Access

You are not currently logged in.

Access your personal account or get JSTOR access through your library or other institution:

login

Log in to your personal account or through your institution.

If You Use a Screen Reader

This content is available through Read Online (Free) program, which relies on page scans. Since scans are not currently available to screen readers, please contact JSTOR User Support for access. We'll provide a PDF copy for your screen reader.

The Ironies of Helping: Social Interventions and Executable Subjects

Kerry Dunn and Paul J. Kaplan
Law & Society Review
Vol. 43, No. 2 (Jun., 2009), pp. 337-368
Published by: Wiley on behalf of the Law and Society Association
Stable URL: http://www.jstor.org/stable/29734193
Page Count: 32
  • Read Online (Free)
  • Subscribe ($19.50)
  • Cite this Item
Since scans are not currently available to screen readers, please contact JSTOR User Support for access. We'll provide a PDF copy for your screen reader.
The Ironies of Helping: Social Interventions and Executable Subjects
Preview not available

Abstract

Law and society scholars have theorized about the link between capital punishment and the hegemony of individualism, but few offer empirical investigations to illustrate how individualism makes capital punishment possible (and vice versa) in the contemporary United States. In order to fill this gap, we analyze the legal and human service records that were compiled in the construction of one executable subject, Daniel Farnsworth. Using a critical discourse approach, we look at what was said and not said about Daniel in the records created by various helping agencies. In our analysis, we demonstrate how the helping agencies involved in Daniel's life repeatedly relied on an individuating psychological paradigm that led them to produce decontextualized catalogs of his actions and characteristics. Next, we illustrate how these pathologizing accounts were, ironically, later invoked in court in the name of preserving his life. Finally, we explain how "helping" discourses, along with the rules that regulate capital defense practice, straightjacket defense attorneys into reinforcing individualism in this context.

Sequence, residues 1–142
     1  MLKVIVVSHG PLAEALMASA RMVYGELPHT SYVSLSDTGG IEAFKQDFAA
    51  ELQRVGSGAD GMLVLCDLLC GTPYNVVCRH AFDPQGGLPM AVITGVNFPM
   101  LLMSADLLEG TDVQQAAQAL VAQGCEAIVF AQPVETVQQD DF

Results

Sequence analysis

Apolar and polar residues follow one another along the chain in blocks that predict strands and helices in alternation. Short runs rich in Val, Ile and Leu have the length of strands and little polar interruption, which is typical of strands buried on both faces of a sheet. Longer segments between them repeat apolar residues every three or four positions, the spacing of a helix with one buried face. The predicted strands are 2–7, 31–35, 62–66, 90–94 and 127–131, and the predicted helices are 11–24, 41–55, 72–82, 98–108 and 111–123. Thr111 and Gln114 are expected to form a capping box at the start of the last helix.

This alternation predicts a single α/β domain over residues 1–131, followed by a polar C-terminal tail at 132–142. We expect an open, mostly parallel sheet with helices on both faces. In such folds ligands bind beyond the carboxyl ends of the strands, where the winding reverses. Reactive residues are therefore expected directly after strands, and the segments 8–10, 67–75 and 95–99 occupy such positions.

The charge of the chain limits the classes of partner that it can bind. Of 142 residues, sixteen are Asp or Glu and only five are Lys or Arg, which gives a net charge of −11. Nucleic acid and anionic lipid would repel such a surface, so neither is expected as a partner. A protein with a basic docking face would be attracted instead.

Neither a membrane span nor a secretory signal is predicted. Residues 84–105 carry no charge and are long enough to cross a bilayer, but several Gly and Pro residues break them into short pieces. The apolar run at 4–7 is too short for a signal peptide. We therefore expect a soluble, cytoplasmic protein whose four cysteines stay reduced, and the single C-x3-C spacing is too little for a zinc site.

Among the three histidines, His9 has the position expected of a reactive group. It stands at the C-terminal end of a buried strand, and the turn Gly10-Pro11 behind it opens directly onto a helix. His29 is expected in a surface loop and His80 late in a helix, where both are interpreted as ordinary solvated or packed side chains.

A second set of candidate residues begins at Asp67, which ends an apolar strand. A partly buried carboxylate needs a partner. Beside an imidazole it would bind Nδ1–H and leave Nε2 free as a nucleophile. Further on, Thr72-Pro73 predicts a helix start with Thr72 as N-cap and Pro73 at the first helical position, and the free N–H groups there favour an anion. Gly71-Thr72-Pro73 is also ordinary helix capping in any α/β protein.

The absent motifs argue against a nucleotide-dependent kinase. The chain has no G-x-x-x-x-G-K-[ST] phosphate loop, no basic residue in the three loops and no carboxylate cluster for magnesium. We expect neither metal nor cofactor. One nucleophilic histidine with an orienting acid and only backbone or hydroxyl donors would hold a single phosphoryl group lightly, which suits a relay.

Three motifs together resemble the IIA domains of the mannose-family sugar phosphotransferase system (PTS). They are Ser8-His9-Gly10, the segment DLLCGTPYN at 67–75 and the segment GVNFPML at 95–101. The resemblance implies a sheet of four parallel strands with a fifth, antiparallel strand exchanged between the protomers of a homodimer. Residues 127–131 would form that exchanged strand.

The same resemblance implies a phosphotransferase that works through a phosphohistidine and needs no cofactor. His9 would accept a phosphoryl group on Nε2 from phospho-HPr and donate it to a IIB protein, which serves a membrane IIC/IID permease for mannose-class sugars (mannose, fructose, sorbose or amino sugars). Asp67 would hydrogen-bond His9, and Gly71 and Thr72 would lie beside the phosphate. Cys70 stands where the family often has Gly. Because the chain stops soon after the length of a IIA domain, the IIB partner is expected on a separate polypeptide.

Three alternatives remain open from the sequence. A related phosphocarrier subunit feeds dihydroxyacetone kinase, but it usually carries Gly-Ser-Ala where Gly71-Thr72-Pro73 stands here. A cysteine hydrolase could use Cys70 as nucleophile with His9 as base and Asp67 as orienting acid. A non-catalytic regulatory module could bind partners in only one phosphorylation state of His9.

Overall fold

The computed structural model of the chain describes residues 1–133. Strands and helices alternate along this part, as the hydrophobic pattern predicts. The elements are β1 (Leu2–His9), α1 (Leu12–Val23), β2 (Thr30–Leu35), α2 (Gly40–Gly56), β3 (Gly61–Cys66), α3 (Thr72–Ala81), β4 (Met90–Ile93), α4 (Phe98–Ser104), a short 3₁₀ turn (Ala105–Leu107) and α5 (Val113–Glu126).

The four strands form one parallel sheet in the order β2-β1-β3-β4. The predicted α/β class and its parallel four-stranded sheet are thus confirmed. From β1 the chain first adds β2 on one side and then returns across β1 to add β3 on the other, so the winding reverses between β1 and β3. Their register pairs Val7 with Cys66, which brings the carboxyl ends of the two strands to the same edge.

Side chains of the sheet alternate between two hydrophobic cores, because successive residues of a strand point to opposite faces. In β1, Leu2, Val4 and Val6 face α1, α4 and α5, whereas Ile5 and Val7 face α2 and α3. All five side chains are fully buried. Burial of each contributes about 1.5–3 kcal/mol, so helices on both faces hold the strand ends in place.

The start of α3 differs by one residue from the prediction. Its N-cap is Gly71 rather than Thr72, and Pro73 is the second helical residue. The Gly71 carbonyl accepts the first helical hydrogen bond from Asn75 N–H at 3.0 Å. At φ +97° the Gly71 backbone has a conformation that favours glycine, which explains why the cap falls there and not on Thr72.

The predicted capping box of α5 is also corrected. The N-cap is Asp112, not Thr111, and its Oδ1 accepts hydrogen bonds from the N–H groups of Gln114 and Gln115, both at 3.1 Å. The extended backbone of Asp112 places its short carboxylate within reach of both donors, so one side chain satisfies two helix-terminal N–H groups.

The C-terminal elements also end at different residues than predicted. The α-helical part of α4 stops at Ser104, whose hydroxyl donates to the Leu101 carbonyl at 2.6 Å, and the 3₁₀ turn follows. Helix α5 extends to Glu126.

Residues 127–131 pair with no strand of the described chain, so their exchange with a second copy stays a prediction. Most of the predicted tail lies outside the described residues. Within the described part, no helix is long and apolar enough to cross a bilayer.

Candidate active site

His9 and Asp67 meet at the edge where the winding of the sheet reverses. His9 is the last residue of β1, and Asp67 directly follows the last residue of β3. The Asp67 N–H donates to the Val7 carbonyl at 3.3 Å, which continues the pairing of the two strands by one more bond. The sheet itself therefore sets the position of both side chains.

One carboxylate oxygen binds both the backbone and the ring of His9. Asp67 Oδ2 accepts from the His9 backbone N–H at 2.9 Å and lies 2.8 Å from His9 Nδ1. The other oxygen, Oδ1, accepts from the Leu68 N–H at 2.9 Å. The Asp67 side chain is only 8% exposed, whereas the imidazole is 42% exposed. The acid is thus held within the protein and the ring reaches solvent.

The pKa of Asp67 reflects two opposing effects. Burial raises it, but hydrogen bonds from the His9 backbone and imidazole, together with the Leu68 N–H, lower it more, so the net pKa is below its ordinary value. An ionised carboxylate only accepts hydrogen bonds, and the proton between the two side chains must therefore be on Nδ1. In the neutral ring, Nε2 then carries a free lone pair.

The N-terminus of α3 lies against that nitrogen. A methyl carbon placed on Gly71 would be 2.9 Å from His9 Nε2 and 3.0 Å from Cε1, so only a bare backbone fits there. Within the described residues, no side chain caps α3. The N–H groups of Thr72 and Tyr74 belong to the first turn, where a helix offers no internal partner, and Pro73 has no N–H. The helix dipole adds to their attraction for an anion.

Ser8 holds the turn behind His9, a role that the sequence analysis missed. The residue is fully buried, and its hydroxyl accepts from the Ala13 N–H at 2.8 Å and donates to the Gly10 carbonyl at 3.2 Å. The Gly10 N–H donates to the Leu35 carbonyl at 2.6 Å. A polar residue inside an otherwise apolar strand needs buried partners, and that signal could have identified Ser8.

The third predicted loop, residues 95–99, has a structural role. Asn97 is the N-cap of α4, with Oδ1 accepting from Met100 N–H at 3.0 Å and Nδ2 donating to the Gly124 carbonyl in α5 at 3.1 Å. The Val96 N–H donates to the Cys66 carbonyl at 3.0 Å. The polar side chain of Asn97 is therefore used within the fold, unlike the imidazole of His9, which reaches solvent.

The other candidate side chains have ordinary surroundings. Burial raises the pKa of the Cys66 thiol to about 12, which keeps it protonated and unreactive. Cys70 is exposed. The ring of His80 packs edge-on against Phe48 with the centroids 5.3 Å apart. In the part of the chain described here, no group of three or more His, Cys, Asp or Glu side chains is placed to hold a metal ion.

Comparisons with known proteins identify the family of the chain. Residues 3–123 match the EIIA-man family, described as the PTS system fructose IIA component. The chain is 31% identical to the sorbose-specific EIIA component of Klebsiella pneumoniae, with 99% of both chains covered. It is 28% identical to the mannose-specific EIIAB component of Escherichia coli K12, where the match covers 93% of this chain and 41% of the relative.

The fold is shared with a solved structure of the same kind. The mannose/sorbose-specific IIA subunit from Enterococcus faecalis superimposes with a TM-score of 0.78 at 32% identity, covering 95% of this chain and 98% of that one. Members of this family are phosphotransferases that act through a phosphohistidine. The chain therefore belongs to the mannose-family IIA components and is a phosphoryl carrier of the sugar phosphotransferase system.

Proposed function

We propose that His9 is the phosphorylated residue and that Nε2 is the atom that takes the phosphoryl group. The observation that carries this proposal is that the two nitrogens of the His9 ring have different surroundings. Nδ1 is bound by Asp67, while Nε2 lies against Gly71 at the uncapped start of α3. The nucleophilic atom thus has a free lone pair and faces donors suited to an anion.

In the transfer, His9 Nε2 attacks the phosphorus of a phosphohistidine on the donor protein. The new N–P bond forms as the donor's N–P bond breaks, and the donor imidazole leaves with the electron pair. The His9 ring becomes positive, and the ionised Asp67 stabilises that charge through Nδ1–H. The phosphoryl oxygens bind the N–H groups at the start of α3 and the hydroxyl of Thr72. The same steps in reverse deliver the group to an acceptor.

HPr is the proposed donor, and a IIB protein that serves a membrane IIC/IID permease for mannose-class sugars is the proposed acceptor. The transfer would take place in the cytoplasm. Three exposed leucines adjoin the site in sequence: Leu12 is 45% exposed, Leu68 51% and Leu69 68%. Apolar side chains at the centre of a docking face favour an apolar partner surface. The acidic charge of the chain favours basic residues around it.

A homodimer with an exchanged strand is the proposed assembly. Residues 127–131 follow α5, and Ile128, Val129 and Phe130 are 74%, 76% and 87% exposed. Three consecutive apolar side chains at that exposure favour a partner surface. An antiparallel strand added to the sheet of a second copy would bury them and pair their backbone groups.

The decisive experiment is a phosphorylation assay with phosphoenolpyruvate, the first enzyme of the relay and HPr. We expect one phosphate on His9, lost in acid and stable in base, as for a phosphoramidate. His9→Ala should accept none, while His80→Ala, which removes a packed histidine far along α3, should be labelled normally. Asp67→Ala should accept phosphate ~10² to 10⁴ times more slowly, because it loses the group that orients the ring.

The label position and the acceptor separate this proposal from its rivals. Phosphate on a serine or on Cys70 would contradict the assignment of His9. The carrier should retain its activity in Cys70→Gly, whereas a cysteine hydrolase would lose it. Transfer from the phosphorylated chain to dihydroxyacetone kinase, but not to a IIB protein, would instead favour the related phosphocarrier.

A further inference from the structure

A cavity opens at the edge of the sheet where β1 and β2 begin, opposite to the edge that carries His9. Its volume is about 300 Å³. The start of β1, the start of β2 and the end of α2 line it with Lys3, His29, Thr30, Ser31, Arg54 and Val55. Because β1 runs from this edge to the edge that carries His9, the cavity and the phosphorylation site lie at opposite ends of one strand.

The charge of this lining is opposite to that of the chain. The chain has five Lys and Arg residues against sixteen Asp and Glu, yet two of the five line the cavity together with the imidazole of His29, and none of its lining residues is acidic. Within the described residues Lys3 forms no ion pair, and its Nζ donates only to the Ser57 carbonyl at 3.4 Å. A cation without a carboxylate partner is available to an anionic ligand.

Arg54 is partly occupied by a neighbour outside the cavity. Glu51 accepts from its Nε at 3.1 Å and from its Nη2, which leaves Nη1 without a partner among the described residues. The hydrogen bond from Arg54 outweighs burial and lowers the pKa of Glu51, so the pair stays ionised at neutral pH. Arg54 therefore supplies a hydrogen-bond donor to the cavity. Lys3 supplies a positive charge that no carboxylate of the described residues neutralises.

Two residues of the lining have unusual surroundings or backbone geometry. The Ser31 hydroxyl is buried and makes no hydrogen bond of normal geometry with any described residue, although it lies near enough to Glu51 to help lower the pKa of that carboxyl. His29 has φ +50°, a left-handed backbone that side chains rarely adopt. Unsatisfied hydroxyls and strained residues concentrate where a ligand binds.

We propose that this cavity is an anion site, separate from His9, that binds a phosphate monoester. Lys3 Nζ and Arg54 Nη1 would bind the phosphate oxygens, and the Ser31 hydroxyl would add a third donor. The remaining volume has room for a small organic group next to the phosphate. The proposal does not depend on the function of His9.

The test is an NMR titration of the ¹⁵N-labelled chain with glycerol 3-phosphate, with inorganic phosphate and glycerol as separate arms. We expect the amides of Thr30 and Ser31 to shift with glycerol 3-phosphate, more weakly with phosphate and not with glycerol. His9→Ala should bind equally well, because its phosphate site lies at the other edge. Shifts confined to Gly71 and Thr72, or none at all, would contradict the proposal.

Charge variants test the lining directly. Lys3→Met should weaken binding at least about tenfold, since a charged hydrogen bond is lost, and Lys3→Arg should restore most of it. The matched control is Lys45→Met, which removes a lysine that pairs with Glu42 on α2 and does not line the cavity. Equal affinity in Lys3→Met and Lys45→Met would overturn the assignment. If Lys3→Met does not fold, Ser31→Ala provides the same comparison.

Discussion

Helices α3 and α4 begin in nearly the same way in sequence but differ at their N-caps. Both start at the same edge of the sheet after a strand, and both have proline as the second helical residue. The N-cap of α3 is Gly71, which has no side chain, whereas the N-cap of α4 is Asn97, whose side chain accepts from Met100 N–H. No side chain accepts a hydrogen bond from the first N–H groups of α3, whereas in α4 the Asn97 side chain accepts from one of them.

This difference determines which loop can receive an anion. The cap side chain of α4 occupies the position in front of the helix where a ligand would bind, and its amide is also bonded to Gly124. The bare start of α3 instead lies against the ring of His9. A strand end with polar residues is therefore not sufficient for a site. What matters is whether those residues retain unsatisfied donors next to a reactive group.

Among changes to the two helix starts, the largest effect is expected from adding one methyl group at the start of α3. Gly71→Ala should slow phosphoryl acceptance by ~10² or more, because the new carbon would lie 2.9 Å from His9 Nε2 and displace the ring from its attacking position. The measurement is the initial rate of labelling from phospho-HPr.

Page Thumbnails

  • Thumbnail: Page 
337
    337
  • Thumbnail: Page 
338
    338
  • Thumbnail: Page 
339
    339
  • Thumbnail: Page 
340
    340
  • Thumbnail: Page 
341
    341
  • Thumbnail: Page 
342
    342
  • Thumbnail: Page 
343
    343
  • Thumbnail: Page 
344
    344
  • Thumbnail: Page 
345
    345
  • Thumbnail: Page 
346
    346
  • Thumbnail: Page 
347
    347
  • Thumbnail: Page 
348
    348
  • Thumbnail: Page 
349
    349
  • Thumbnail: Page 
350
    350
  • Thumbnail: Page 
351
    351
  • Thumbnail: Page 
352
    352
  • Thumbnail: Page 
353
    353
  • Thumbnail: Page 
354
    354
  • Thumbnail: Page 
355
    355
  • Thumbnail: Page 
356
    356
  • Thumbnail: Page 
357
    357
  • Thumbnail: Page 
358
    358
  • Thumbnail: Page 
359
    359
  • Thumbnail: Page 
360
    360
  • Thumbnail: Page 
361
    361
  • Thumbnail: Page 
362
    362
  • Thumbnail: Page 
363
    363
  • Thumbnail: Page 
364
    364
  • Thumbnail: Page 
365
    365
  • Thumbnail: Page 
366
    366
  • Thumbnail: Page 
367
    367
  • Thumbnail: Page 
368
    368